Letter from the Editors

Introducing The SLR’s New Publishing Partner

Ruth Ann Harnisch is an investor, donor activist, and film and media producer who gives boldly to accelerate equality.

Ruth Ann Harnisch

The Sunday Long Read team was thrilled this week to announce its first publishing partner: Ruth Ann Harnisch. Here’s a bit more about Ruth Ann:

Ruth Ann Harnisch is an investor, donor activist, and film and media producer who gives boldly to accelerate equality.

Her media career taught her the power of activists’ money and good storytelling to drive cultural change. Ruth Ann was one of Nashville’s female broadcast news pioneers, working at the CBS-TV News affiliate, WLAC-AM and the Nashville Banner.

Now, through The Harnisch Foundation and her personal account (whence cometh the SLR sponsorship money), she invests in leaders and creative communities working for a more equal and inclusive world.

She has a heart for the underpaid journalist, as her first on-camera job paid so little she qualified for (what was then known as) food stamps. When she pointed this out to the GM, he gave her a raise that put her one dollar over the threshold for public assistance.

To learn more about Ruth Ann and her new partnership with the SLR, here’s a Q&A she did with our Don Van Natta Jr.

How did you discover The Sunday Long Read?

Probably Rachel Sklar, through TheLi.st, a network of professional women she co-founded with SLR’s Glynnis MacNicol, who would be the other probable suspect. Many Sister Listers have made the SLR masthead shine.

And what about it first appealed to you and appeals to you now?

As a recovering journalist, I love reading the best work other people are doing. Finally, I’m so old that I’m not jealous of everybody with a better assignment/paycheck/GM.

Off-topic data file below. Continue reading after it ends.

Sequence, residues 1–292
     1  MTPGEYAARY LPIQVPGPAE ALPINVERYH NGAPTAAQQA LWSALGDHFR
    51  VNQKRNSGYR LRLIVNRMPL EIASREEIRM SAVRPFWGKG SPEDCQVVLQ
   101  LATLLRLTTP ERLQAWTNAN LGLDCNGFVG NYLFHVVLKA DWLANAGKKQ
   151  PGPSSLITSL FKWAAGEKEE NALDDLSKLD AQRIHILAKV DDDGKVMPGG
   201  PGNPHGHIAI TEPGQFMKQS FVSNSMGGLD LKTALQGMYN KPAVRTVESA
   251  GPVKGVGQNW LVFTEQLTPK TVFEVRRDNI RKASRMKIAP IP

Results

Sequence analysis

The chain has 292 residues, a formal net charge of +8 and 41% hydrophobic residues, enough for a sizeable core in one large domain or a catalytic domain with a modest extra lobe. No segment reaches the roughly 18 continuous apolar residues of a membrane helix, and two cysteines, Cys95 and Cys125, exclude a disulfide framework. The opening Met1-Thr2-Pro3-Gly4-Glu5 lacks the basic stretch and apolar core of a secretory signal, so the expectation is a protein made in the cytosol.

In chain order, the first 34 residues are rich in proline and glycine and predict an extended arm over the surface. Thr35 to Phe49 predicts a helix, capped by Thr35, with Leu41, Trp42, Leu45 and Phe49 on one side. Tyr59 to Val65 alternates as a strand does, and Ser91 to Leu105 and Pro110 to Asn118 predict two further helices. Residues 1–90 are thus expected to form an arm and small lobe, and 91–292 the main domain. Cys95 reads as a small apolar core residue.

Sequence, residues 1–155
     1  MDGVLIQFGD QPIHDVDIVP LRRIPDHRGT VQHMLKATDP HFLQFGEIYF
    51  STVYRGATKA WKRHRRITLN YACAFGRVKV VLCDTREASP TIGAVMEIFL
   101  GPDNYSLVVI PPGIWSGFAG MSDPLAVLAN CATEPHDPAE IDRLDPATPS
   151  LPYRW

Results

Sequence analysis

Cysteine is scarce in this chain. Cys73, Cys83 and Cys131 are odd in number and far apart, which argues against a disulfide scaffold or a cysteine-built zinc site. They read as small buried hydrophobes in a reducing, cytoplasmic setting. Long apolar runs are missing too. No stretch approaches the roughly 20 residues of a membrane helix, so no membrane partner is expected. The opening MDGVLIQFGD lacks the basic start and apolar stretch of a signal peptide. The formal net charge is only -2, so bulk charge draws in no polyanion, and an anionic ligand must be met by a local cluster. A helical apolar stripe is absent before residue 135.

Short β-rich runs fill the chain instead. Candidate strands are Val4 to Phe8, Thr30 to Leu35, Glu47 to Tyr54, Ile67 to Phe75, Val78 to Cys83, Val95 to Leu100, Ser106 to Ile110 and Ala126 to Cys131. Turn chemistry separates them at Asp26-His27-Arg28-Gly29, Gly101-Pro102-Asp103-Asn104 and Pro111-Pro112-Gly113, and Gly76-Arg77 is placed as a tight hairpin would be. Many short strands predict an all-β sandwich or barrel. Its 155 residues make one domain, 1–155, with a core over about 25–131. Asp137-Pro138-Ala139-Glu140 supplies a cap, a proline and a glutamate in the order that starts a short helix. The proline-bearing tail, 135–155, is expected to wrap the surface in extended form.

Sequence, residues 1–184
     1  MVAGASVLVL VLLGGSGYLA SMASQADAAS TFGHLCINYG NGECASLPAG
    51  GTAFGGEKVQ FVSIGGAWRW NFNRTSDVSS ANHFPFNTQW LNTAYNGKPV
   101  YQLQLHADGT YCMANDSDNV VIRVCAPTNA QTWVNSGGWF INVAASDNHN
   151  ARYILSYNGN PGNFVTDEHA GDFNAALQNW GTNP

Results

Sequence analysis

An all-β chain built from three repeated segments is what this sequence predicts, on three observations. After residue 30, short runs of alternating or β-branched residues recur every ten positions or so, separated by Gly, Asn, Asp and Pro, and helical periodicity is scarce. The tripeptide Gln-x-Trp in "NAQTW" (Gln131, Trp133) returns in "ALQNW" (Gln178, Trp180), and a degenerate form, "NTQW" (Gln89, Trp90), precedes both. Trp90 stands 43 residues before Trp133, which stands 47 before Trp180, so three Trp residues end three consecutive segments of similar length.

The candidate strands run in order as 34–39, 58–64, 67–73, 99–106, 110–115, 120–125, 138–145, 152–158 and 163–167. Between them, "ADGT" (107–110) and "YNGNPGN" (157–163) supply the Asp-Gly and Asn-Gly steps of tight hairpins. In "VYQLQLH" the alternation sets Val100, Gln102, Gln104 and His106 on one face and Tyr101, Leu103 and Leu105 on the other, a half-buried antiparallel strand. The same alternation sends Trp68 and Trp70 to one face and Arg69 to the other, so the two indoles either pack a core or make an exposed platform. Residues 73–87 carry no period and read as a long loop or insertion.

If there’s one thing you could change about the SLR, what would it be? 

I’d like to negotiate a one-time-freebie into EVERY paywalled selection. This could be accomplished by their gift which you acknowledge generously, or underwriting for a minimum/maximum number of clicks. Being a paying member at any level could get you some of those underwritten clicks as a perk.

Why have you decided to become our first title sponsor?

When I earned my living as a journalist, I was a combo platter of poor and broke. Currently I am neither. Supporting a fair and free press is a philanthropic priority, supporting good content (whether or not it’s “fair”) is a personal passion. I’m glad to help pay journalists for their work. And I like that the SLR is a new clubhouse for journalism’s cool kids.

You are a former reporter. What was your favorite assignment (or beat) and what did you like least about gig?

I had a long and varied career in television, radio, and newspapers. As a high schooler, I had an office job at one of the two daily newspapers and a “Teen DJ” radio gig  at WYSL-FM, Buffalo. I would pay for any photographic evidence of “Karin Kelly” waving from the convertible in a parade “Welcoming The Blue Max.”)

There’s a favorite (something) for every day of my long career, but the moment that flashed into my mind was the leap to hyperspace at the premiere of Star Wars, gasping along with the audience seeing it on the first showing of the first day.

I had been pestering the assignment desk for weeks to let me cover the first showing of this movie. I read all the trades and I knew it was going to be big news.

Finally I got the OK. The videographer and I were wide-eyed at the prospect of getting paid to watch a movie. When the Millenium Falcon disappeared into the stars, I felt like the luckiest person on the face of the earth: I had this amazing job being on television, and I was getting paid to be the first to see a movie everybody was going to want to see. Getting paid to sit in a theater and watch a movie was a far cry from the low points you asked about.

Being a young (started in high school as I mentioned, first TV news job at 23) pioneering female in a sexist Mad Men era was a daily MeToo series. Low points were too numerous to mention. Most egregious that would never happen today: Warden at the (now closed) Tennessee State Prison thought it was amusing to lock me in with Old Sparky and a Trustee. “Tell ‘er whatcher in for,” he drawled.

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